Mir’s analysis was outstanding and his opinion that Iqbal could be most sympathetic to Bergson’s view on the subject was also correct but he substantiated it with a line from another book (where Bergson was not even mentioned) whereas in the preface of the very book from which the poem was taken, i.e. A Message from the East, Iqbal had made a very relevant comment about Bergson.
While analyzing the theme of nature in the chapter ‘Major Themes in Poetry’ in Iqbal, Mir pointed out four levels of Iqbal’s engagement with nature:
- Celebrating the simple beauty of nature;
- Nature as a congenial companion;
- Nature as a spur to serious reflection;
- Nature as a foil for drawing out the human being’s potential.
This was inspired scholarship. It was much to be regretted that it didn’t take one more step by showing us the very obvious connection between the four levels of Iqbal’s engagement with nature and the five elements in his summation of the Quranic conception of God. Those elements, discussed by Iqbal in the third lecture of the Reconstruction, and listed by Mir in another chapter of Iqbal are:
It is not difficult to see that the four levels of engagements with nature which Mir discovered so candidly were related to the latter four out of the five elements in Iqbal’s conception of God in the reverse order:
- The first level of engagement with nature, i.e. celebrating its simple beauty, is recognition of the fifth element in the conception of God, i.e. (e) God’s Eternity.
- The second level of engagement, i.e., nature as a congenial companion, is recognition of nature as a sign of the fourth element in the conception of God, i.e. (d) God’s Omnipotence.
- The third level of engagement, i.e. nature as a spur to serious reflection corresponds to the third element in the conception of God, i.e. (c) God’s Knowledge.
- The fourth level of engagement, i.e. nature as a foil for drawing out the human potential is a mirror to the second element in the conception of God, i.e. (b) God’s Creativeness.
This internal coherence in the works of Iqbal could have substantiated Mir’s view of Iqbal’s poetry “serving as a vehicle for his thought” but it is a pity that Mir didn’t bring it out. Or else he may have felt inclined to mention a fifth level of Iqbal’s engagement with nature where the human being, after using nature as a foil for drawing one’s own potential, makes sustainable modifications to nature, and hence:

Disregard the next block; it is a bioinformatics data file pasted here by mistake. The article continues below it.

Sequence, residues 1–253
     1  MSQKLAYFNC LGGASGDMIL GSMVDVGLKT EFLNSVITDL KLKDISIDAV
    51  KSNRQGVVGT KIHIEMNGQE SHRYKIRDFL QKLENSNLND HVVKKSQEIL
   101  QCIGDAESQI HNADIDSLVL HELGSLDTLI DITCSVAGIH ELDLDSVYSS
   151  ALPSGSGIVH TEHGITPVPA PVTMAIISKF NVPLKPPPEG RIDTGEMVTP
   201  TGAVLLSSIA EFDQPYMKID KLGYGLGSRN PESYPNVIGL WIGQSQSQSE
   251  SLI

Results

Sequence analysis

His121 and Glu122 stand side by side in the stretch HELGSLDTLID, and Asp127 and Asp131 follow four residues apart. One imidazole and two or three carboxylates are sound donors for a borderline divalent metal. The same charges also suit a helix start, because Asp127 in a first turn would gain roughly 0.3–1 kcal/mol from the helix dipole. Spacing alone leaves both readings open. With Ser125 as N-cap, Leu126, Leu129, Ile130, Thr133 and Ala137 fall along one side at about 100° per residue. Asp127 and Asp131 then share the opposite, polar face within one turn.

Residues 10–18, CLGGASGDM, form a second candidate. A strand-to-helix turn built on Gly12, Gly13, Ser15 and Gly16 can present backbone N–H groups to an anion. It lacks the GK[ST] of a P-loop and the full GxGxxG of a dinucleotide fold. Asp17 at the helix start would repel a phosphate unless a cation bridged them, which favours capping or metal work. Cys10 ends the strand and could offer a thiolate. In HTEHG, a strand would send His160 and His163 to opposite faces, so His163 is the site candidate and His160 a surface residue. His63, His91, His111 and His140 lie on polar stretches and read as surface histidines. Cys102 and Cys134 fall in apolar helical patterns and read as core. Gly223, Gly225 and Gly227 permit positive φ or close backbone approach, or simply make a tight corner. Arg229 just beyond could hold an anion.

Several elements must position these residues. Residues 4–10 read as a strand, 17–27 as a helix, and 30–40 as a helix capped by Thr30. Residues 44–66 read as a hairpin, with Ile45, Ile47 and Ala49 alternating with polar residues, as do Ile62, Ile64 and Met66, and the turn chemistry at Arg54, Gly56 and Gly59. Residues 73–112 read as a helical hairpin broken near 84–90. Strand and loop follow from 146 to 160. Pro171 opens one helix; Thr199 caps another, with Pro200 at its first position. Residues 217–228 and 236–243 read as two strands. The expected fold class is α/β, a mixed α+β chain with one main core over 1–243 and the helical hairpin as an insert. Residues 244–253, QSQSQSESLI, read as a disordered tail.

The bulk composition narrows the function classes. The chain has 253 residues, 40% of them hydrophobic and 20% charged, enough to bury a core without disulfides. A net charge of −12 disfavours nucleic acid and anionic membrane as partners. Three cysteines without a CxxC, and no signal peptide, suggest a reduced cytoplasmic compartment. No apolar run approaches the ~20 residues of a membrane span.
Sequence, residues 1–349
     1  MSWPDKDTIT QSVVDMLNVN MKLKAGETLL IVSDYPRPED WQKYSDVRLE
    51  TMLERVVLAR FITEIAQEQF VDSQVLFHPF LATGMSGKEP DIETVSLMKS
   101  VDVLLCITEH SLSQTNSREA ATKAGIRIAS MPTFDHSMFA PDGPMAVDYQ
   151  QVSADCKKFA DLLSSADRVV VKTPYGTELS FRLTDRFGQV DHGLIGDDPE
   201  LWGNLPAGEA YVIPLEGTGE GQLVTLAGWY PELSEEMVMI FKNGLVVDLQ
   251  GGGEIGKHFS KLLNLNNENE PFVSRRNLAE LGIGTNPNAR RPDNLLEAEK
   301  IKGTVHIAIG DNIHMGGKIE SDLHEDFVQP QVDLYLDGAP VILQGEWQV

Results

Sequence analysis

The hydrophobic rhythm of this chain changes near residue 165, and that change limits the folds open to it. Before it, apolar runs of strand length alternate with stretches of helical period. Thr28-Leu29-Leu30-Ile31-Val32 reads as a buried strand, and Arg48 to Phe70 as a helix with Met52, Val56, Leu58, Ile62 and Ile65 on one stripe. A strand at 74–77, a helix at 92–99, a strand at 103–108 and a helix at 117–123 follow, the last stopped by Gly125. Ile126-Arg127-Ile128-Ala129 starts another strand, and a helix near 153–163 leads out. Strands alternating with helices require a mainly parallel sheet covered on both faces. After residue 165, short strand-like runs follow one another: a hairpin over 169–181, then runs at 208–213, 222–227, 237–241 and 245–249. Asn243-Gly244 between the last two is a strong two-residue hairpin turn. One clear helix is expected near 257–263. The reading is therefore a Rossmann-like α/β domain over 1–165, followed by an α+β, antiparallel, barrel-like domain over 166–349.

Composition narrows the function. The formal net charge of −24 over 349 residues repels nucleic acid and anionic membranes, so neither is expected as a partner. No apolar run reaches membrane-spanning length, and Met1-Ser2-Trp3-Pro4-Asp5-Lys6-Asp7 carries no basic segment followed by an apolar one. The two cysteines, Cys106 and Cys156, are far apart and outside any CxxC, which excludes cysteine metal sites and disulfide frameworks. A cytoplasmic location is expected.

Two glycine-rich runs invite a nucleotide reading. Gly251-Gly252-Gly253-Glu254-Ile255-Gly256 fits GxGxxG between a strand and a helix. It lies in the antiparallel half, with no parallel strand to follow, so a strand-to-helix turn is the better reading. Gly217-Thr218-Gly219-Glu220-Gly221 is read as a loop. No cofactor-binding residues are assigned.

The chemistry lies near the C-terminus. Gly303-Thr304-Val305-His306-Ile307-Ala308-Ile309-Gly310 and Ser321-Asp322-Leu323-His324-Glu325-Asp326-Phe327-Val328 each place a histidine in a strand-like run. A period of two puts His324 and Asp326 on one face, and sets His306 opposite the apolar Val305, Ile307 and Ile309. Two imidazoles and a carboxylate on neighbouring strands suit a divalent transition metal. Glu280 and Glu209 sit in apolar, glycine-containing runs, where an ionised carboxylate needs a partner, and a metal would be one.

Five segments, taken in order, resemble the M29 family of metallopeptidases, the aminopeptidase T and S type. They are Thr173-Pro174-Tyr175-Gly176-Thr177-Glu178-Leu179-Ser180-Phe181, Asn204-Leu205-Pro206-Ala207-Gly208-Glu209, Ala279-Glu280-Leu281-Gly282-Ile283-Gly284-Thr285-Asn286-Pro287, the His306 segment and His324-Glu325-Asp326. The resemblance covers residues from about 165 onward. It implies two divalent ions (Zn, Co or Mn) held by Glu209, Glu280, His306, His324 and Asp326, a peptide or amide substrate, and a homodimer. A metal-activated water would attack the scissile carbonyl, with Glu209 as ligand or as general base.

- The fifth level of engagement (not mentioned by Mir), i.e. nature as raw material for sustainable human artistry, is a celebration of the first element in the conception of God, i.e. (a) God’s Individuality (which means, according to Iqbal, that God is “intensively” Infinite).
It is important that the levels of engagement with nature and the elements in the conception of God are related to each other in the reverse order: human consciousness “ascends” towards the conception of God whereas the conception of God “descends” upon human consciousness. These subtleties come out only when we make an effort to discover the internal coherence of the works of Iqbal, for which we need to study him on his own terms – terms that may not be in complete agreement with the current literary trends.
In a very Shakespearean sense the tragic flaw of Mir has seemed to be his bonding with the academic paradigm of the West. In “Iqbal’s Legacy,” the final chapter of Iqbal, he wrote:
Until now, Iqbal has been mainly viewed as a poet and the serious philosophical aspect of his thought, whether expressed in his prose or in his poetry, has not been fully recognized. That aspect has now begun to attract greater attention, and this changing trend is due, at least in part, to Western scholars’ analytical and critical studies on Iqbal.
Of the overall worth of “Western scholars’ analytical and critical studies on Iqbal” we have made a good assessment. To say the least, it does not substantiate Mir’s high expectations of it.
2. The Sentimental Approach
In his review of The Secrets of the Self from which we have quoted in the previous chapter, E.M. Forster informed his readers that Iqbal used to write with a Muslim sentiment in the beginning but since 1916 he was catering to patriotic feelings in view of the change in the popular trends in India:
…and there is much discussion as to how he will evolve. If an outsider may venture an opinion, he will not evolve but revolve.